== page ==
Oxfam was guilty of a "complete betrayal of trust" of the charity’s beneficiaries, volunteers, staff and the British public in its mishandling of the response to claims of sexual misconduct in Haiti in 2011, the international development secretary has told MPs.
In a statement to parliament yesterday updating MPs on the Oxfam crisis, Penny Mordaunt said it was vital that organisations did all they could to prevent harm and to report on and follow up incidents involving sexual abuse.
Her statement came after allegations of sexual misconduct in the charity’s Haiti programme when it responded to the 2010 earthquake in the Caribbean country.
Oxfam was accused of a lack of transparency about its investigation of the claims, and has since released its internal investigation report and withdrawn from bidding for further government funding until the Department for International Development is satisfied that the charity’s safeguarding procedures are adequate.
Mordaunt told MPs yesterday: "They did not provide a full report to the Charity Commission. They did not provide a full report to their donors. They did not provide any report to prosecuting authorities. In my view, they misled, quite possibly deliberately, even as their report concluded that their investigation could not rule out the allegation that some of the women involved were actually children.
"They did not think it was necessary to report that to the police either in Haiti or in the country of origin of those accountable. I believe that their motivation appears to be the protection of the organisation’s reputation.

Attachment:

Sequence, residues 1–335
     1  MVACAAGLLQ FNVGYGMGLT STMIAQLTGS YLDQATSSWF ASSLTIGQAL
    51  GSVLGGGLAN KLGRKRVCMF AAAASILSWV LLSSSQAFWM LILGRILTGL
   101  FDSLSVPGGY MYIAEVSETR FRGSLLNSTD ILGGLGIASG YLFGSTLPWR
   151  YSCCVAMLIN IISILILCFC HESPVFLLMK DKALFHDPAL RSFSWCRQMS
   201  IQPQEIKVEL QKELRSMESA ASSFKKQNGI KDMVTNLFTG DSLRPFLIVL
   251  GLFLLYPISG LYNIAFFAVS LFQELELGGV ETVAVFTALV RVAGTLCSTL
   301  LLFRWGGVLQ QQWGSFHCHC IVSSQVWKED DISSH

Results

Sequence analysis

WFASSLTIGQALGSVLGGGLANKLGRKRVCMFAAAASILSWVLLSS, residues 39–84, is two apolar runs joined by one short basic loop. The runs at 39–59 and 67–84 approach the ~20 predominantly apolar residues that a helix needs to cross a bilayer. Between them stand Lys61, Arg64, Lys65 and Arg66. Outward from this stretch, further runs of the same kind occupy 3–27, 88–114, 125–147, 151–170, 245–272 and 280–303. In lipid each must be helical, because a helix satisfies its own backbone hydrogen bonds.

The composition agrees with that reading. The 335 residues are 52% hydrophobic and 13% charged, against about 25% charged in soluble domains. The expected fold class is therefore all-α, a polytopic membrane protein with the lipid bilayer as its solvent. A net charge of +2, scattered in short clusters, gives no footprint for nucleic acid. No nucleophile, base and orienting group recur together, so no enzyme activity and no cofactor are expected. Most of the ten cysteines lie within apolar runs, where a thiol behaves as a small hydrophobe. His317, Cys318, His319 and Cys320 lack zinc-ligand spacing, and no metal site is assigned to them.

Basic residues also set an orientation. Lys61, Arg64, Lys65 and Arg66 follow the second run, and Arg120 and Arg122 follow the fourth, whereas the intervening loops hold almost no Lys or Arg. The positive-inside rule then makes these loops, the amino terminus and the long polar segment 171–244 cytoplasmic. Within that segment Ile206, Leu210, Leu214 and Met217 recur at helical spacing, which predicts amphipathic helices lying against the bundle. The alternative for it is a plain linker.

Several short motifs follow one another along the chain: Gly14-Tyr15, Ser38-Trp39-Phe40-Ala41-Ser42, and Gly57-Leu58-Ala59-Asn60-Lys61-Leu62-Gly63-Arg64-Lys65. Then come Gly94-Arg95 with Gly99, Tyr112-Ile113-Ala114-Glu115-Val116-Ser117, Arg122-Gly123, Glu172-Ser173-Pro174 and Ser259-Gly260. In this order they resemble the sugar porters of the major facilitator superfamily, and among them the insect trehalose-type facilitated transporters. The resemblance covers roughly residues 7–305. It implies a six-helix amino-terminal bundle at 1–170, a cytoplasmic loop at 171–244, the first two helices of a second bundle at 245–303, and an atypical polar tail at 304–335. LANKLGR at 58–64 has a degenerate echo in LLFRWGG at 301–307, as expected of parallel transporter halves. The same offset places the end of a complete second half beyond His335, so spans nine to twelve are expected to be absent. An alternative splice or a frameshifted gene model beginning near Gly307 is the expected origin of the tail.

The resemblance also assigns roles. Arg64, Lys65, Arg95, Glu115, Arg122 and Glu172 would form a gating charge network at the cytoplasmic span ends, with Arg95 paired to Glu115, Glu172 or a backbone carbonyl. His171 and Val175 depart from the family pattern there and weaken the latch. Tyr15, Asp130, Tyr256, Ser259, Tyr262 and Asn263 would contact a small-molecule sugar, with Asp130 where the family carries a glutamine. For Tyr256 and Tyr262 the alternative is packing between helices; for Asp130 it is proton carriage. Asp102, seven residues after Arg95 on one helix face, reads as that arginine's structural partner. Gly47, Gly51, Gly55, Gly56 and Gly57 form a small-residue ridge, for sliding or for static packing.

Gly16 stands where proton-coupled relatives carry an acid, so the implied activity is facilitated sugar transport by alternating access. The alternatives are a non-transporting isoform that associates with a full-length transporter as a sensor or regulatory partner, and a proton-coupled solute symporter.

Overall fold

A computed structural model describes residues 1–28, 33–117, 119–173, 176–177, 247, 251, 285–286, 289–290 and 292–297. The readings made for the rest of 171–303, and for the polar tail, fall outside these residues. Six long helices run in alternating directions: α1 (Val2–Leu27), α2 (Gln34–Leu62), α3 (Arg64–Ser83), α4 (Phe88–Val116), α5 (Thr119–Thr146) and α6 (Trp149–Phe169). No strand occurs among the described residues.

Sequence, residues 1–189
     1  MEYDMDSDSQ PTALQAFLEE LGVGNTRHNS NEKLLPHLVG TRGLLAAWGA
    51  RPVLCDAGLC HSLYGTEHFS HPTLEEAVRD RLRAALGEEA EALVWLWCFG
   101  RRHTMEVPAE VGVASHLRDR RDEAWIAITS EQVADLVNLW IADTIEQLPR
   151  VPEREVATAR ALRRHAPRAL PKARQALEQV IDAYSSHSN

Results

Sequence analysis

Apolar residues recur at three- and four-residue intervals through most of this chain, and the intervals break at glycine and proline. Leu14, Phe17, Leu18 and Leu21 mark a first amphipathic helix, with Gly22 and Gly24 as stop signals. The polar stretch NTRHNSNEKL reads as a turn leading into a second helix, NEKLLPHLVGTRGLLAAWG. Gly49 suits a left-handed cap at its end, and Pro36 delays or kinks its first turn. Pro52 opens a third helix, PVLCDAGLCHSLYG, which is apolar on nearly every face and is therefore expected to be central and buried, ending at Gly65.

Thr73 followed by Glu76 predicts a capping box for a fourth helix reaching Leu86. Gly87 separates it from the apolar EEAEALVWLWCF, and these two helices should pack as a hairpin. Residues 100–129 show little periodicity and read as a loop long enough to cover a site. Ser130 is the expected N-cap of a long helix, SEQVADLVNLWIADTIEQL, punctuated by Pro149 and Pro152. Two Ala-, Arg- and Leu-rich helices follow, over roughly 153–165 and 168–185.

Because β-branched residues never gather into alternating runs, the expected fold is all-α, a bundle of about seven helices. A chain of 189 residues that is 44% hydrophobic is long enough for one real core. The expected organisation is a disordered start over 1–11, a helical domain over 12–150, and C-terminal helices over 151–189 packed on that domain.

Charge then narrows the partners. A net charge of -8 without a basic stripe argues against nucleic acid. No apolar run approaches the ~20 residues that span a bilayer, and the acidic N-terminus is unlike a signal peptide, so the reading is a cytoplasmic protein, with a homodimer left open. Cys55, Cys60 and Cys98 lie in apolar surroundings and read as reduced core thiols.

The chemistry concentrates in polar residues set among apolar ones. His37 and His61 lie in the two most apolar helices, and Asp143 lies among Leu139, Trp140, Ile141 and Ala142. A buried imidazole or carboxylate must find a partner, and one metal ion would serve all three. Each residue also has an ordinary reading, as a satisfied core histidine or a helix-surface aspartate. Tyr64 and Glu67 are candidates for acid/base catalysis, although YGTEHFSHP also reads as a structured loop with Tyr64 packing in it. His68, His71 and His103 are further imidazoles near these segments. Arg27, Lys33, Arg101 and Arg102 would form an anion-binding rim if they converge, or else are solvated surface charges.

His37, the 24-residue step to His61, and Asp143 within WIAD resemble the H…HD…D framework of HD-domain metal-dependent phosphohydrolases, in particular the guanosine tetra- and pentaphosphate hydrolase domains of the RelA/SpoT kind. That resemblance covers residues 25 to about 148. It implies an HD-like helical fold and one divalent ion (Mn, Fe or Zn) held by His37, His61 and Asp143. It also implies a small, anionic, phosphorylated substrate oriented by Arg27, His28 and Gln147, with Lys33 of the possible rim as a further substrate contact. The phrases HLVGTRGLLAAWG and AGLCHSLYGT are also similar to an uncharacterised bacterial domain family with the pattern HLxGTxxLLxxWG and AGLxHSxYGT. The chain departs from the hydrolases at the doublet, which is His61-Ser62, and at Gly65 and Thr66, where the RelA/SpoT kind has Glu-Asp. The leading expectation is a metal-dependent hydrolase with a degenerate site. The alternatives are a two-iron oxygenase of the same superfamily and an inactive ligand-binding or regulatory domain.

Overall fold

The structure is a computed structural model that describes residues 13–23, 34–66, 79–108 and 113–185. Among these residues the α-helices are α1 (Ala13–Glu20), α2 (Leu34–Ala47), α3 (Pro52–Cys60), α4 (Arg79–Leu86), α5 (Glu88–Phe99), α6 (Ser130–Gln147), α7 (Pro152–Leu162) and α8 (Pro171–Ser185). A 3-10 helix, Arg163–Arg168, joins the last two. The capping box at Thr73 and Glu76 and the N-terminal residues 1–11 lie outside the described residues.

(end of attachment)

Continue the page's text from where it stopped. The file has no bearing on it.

"They put that before those they were there to help and protect, which is a complete betrayal of trust, a betrayal of those who sent them there – the British people – and a betrayal of all those Oxfam staff and volunteers who put the people they serve first."
Mordaunt said she had written to all 192 charities that receive UK aid to request details of their safeguarding policies, and was doing the same with all of DfID’s 393 non-charity partners and more than 500 private sector suppliers.
"The UK government reserves the right to take whatever decisions about present or future funding for Oxfam or any other organisation we deem necessary," she said.
"We have been very clear that we will not work with any organisation that does not live up to the high standards on safeguarding and protection that we require."
Kate Osamor, the shadow international development secretary, also criticised the "appalling culture of silence" about sexual misconduct in aid programmes.
She said: "Let me say very clearly that, for the Haitian women and girls fighting to survive an earthquake who were exploited and abused, it is just not good enough; for the British public and loyal Oxfam supporters who donate time, money, taxes and support, it is just not good enough; and for those of us in this house who support charities such as Oxfam to save lives in crisis and tackle the root causes of injustice, it is just not good enough.
"We need reform."